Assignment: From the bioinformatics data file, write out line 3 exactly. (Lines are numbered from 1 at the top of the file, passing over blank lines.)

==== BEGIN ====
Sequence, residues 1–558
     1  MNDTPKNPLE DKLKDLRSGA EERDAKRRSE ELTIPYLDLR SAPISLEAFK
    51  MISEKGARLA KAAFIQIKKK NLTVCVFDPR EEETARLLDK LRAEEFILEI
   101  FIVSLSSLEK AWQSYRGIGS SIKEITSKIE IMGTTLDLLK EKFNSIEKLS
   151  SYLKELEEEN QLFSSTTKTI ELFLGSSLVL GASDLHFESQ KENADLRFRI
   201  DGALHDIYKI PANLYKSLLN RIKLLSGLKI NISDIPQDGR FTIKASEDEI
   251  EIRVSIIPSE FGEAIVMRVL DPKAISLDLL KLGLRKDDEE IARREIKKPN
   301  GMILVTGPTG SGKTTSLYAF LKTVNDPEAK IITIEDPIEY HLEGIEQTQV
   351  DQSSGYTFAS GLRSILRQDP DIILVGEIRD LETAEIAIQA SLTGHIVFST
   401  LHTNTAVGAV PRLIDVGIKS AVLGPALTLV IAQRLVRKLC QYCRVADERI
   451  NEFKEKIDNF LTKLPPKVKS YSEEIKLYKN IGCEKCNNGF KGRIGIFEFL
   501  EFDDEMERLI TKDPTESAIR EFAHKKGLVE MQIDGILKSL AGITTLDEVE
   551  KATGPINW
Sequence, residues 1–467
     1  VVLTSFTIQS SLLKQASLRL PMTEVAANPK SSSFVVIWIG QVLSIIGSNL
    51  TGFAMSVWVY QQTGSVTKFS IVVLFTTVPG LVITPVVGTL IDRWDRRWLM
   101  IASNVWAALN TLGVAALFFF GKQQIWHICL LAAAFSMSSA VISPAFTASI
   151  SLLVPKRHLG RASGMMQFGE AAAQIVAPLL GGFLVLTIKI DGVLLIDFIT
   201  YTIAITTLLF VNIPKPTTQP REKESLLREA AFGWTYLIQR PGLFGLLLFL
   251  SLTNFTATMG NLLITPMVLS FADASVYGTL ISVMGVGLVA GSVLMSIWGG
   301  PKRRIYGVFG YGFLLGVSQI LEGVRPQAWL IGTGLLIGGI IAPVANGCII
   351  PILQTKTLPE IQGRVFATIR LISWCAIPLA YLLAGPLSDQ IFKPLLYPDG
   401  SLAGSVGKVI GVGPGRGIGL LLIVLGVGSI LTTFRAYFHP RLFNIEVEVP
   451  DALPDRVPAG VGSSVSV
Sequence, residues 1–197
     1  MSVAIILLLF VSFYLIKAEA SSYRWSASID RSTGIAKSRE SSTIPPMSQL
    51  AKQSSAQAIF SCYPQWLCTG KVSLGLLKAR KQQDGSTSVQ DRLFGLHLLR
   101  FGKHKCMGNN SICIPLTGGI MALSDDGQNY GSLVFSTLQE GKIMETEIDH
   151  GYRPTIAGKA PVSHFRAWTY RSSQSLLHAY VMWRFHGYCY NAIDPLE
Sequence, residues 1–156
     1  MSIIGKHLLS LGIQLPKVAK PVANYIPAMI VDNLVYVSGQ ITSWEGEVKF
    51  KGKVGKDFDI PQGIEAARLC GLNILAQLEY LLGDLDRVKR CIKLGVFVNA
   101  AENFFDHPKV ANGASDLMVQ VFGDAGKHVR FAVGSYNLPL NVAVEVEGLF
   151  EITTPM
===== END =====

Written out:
    51  MISEKGARLA KAAFIQIKKK NLTVCVFDPR EEETARLLDK LRAEEFILEI